Lately, in parts of Europe, we have seen an increase in an almost apocalyptic-resembling phenomenon: the arrival of desert dust from the Sahara that coats everything in an orange haze. It has been occurring more frequently in the past several years, and this bizarre meteorological event has made news headlines as air quality warnings pop up in affected areas. What causes these events? What are the dangers of desert dust? Read on to learn more.
The Sahara: a massive, diverse ecosystem
Named after the Arabic word ‘ṣaḥrā’ (meaning desert), the Sahara desert is the world’s largest hot desert spanning 9.2 million square kilometres (3.6 million square miles or 2.3 billion acres) across the northern African continent. To put its size in perspective, it measures just about the same size as China. It is home to many types of wildlife and is inhabited by about 2 million humans. The Sahara consists of various types of terrain like salt flats, mountains, and valleys, but it is, of course, most known for its vast expanses of sand. Some sand dunes in the Sahara can reach as high as 450 metres (1476 feet)2!
Desert dust defined
It helps to understand exactly what desert dust is to grasp the effects it has on our health. As defined by a 2019 study, desert dust is a mixture of particulate matter (PM) sourced from the surface of arid and semi-arid regions. In these areas, the soil quality is poor, meaning that its components are mostly made up of minerals4.
A major contributor to the increase of desert dust emission levels in the past century is our changing climate. Increased global temperatures are causing deserts to expand. Anthropogenic land use practices are also responsible for contributing to desert dust emissions. Some of these practices include agricultural expansion and livestock grazing, practices that contribute to desertification. The degree to which land use impacts desert dust emissions is debated but is estimated to be between 10 to 50% of the cause5.
Desert dust in Europe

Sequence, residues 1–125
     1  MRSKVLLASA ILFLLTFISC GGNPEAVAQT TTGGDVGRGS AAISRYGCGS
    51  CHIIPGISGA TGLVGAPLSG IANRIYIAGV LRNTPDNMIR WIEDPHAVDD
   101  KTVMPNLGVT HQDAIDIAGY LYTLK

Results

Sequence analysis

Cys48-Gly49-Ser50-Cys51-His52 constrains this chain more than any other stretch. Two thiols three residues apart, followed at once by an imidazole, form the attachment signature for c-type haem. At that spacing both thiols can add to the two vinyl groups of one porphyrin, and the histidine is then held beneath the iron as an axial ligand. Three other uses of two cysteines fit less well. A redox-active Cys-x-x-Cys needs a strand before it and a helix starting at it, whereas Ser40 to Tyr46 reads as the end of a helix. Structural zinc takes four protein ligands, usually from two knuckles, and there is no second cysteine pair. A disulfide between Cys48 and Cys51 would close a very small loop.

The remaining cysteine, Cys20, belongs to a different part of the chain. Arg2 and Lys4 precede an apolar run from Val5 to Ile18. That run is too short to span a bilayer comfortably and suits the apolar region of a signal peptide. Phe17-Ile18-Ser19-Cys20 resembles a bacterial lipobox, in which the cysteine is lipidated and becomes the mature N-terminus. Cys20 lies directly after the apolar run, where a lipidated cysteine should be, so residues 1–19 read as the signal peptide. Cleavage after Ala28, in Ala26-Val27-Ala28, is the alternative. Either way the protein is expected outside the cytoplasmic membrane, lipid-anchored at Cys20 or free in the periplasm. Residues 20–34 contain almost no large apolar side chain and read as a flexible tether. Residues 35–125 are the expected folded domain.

With the Sahara located about 4000 kilometres (2480 miles) from Europe as the crow flies, it is hard to imagine that conditions there can impact us on an entirely separate continent. However, in areas of the Sahara where desert sand is loosely bound to the Earth’s surface, wind can blow desert dust up into the air where particles may be suspended for a week, sometimes longer. If wind conditions are right, airborne sand can then travel thousands of kilometres.
Desert dust can impact a wide variety of industries and aspects of daily life: weather, visibility, climate, human and plant health including agricultural crops, and can severely disturb our ability to produce solar-powered energy3.
The Copernicus Atmosphere Monitoring System (CAMS), implemented on behalf of the European Commission by the European Centre for Medium-Range Weather Forecasts (ECMWF), is the association responsible for reporting on the amount of dust in the atmosphere on both a regional and global scale. Among other things, CAMS aims to predict the level of disruption caused by desert dust by using a combination of satellite images and computer models. The following CAMS images show a daily timelapse of the evolution of desert dust as it approaches and makes contact with Europe.
Richard Engelen, Deputy Head of CAMS, emphasises the gravity of Sahara sand on African and Mediterranean communities: ‘It gets into houses, into lungs, can close airports and roads, and with climate change potentially causing deserts to grow, desert dust in the atmosphere will only increase’3.
Desert dust creates particularly high levels of ambient total suspended particles (TSP) and PM10. The aforementioned 2019 study found that during a desert dust event, daily PM10 levels exceeded 1000 μg/m3 close to emission areas, but daily concentrations measured between 400–600 μg/m3 in surrounding communities influenced by dust transport. However, PM2.5 levels are also significantly higher than normal during desert dust atmospheric events, accounting for 4 to 35% of measured PM104.
Impact on health
A 2011 study analysed the effects of increased quantities of PM10 and PM2.5 due to desert dust on daily mortality in Rome, Italy. The heightened levels of PM from atmospheric desert sand events led to increased mortality from ‘natural, cardiac, cerebrovascular, and respiratory causes’. The increase in mortality was found to be between 2.64 and 12.65% during these atmospheric events with the highest impact being had on cardiac mortality6.
Dust storms have also been linked to an increase in bacterial loads. A 2015 study in Senegal showed an increase in bacterial meningitis as a result of desert dust events7. There have also been recorded examples of ‘dust-related disease’ in other parts of the world like ‘Valley Fever’, an infection found in the deserts of North America caused by the inhalation of fungal spores8.
It is not news that, regardless of its sources, particulate matter exposure has a significant effect on health. PM10 can impact our respiratory and cardiovascular health. It can also serve as a trigger for asthma attacks, allergies, and is an aggravation of other respiratory conditions like chronic obstructive pulmonary disease (COPD).